How to Be Spontaneous

We can't plan for spontaneity, but trust can help it happen.

Posted Mar 24, 2017

Pixabay/CC0 Public Domain
Source: Pixabay/CC0 Public Domain

Calling a friend on a whim. Taking a detour through the park on a sunny afternoon. Spotting a surprise gift for your partner Are these a few of your favorite things? The delights of spontaneity are among the simplest but most valuable of pleasures. And in our stressed-out, over-scheduled, over-committed lives, it’s easy to feel wistful about how elusive those simple pleasures can be.

Easy to feel wistful, but harder to know what to do about it. You can’t just schedule a window for spontaneity every Monday at 7:15 pm, or demand that your partner plan something spontaneous for next weekend.  Planning for spontaneity is like deciding to be less decisive, or daydreaming about being more pragmatic: some self-improvement projects are doomed from the outset.

Philosopher Jason D’Cruz of the University at Albany (SUNY) has explored the intriguing elusiveness of spontaneity. We often think that good decision-making involves a careful weighing in the balance of all the relevant pros and cons. To be sure, time doesn’t always permit a thorough investigation, but even when we’re rushing, we try to fit in what we can. 

Yet, as D’Cruz shows, the value of spontaneity cannot be weighed in our decision-making scales, since it evaporates under scrutiny. Carefully noting that a stroll in the park would be spontaneous, and that spontaneity is important to you, is a sure-fire way of killing the fun. So the weigh-scale model of good decision-making is a bad fit for these sorts of decisions.

Instead, it can be helpful to think in terms of trust – trusting your partner, trusting yourself, even trusting your sunny afternoon whims. Trust often takes time to develop, and wise trust is built on an appreciation of strengths and weaknesses, of habits and temptations, both our own and those of the people around us. But once trust is established, it can free us from the weigh-scale approach to decision-making, at least once in a while.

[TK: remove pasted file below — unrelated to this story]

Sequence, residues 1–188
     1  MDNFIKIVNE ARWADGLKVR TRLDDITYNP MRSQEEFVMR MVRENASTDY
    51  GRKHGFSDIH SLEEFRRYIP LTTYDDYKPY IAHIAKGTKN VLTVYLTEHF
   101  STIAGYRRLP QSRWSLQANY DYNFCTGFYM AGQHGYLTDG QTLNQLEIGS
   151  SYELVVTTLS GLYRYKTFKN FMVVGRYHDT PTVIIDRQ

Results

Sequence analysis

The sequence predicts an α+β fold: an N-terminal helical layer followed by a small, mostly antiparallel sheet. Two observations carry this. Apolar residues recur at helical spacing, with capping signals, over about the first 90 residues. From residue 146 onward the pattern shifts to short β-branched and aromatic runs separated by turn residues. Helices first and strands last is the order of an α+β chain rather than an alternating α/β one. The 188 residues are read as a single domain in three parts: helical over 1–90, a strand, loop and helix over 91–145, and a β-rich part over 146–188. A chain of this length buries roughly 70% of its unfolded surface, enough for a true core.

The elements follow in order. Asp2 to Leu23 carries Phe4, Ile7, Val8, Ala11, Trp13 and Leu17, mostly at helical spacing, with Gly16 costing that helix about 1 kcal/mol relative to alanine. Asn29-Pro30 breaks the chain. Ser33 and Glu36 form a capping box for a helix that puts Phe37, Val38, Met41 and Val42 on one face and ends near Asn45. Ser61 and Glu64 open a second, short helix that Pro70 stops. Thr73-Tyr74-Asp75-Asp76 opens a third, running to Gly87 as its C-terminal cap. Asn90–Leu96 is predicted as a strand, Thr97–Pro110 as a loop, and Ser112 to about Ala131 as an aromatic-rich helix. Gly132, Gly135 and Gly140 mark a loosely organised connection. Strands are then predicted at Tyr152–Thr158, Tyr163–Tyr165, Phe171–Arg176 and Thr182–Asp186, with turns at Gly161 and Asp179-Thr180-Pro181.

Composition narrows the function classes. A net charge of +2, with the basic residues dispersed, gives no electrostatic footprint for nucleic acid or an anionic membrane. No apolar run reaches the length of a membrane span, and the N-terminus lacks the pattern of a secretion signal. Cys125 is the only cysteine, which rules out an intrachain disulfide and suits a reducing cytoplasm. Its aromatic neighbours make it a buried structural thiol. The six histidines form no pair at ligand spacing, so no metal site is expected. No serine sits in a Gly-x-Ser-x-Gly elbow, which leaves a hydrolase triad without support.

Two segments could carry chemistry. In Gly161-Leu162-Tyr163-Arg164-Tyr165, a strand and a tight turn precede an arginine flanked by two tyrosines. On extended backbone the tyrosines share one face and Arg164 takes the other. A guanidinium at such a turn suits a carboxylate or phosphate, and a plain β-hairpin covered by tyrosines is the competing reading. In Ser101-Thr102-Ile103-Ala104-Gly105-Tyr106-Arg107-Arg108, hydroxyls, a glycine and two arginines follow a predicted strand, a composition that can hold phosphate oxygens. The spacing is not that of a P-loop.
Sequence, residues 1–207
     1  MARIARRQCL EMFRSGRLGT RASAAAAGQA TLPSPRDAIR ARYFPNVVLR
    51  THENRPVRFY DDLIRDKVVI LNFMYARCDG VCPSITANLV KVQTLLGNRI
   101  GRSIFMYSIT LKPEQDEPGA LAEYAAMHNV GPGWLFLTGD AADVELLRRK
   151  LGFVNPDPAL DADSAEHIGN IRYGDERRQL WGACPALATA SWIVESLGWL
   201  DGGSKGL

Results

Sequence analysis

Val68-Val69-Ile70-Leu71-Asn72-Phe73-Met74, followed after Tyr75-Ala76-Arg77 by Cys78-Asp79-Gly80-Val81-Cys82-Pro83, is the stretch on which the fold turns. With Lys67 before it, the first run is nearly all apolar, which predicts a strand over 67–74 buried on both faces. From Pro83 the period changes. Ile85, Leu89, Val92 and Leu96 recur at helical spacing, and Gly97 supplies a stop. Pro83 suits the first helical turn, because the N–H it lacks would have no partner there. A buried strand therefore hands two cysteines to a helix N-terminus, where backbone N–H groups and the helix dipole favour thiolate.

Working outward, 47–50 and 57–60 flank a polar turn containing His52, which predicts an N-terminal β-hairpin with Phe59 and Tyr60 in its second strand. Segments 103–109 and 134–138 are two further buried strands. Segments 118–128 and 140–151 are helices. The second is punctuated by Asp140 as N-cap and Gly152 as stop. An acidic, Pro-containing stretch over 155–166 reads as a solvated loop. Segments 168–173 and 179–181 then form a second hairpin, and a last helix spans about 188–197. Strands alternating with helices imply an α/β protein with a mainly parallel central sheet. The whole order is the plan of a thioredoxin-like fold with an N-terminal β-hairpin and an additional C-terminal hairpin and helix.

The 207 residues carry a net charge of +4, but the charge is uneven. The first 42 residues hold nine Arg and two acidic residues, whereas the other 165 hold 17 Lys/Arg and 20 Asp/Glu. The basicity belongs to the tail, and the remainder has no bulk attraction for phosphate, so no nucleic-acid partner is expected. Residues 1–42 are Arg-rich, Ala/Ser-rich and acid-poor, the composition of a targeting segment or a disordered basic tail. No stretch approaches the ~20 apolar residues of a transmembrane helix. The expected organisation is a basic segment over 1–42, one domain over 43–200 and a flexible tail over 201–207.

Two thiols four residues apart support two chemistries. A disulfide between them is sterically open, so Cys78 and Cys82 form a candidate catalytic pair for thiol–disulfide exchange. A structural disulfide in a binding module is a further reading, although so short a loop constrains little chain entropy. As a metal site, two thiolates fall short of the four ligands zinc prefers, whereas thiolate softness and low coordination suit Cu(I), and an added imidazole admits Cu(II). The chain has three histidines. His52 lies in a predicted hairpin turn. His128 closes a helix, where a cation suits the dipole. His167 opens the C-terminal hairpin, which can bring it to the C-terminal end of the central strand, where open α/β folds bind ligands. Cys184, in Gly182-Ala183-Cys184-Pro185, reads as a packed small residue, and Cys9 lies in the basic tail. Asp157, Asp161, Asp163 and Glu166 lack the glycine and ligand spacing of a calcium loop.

Trust lets you react with enthusiasm rather than skepticism to your partner’s spontaneous suggestions, allowing you to value the fun of doing something fresh without performing an exhaustive check on all the other options. This requires trust in your partner, but it also requires you to trust yourself, confident that you can go with the flow and cope if things go a little haywire.

Trust in yourself is also crucial for taking advantage of those little moments of freedom when opportunities arise, knowing that you’ve got the important things covered, and can afford to cut loose in small ways without your schedule and responsibilities crashing around your ears.

Not everyone is lucky enough to have all the important things covered, of course, whether financial, emotional, or health-wise. The stress of uncertainty and vulnerability can make it tough to achieve self-trust, making spontaneity seem like just a dream.    

But for those who are more fortunate, planning, insurance, and all that unspontaneous stuff can support spontaneity after all. Knowing that you have your foundations in place, that a small mistake or misjudgment isn’t going to get you or your loved ones into real trouble – that’s what provides the secure background for self-trust and spontaneous fun.   

References

Jason D'Cruz: Volatile Reasons, Australasian Journal of Philosophy 91 (1):31 – 40 (2013).  Pdf here.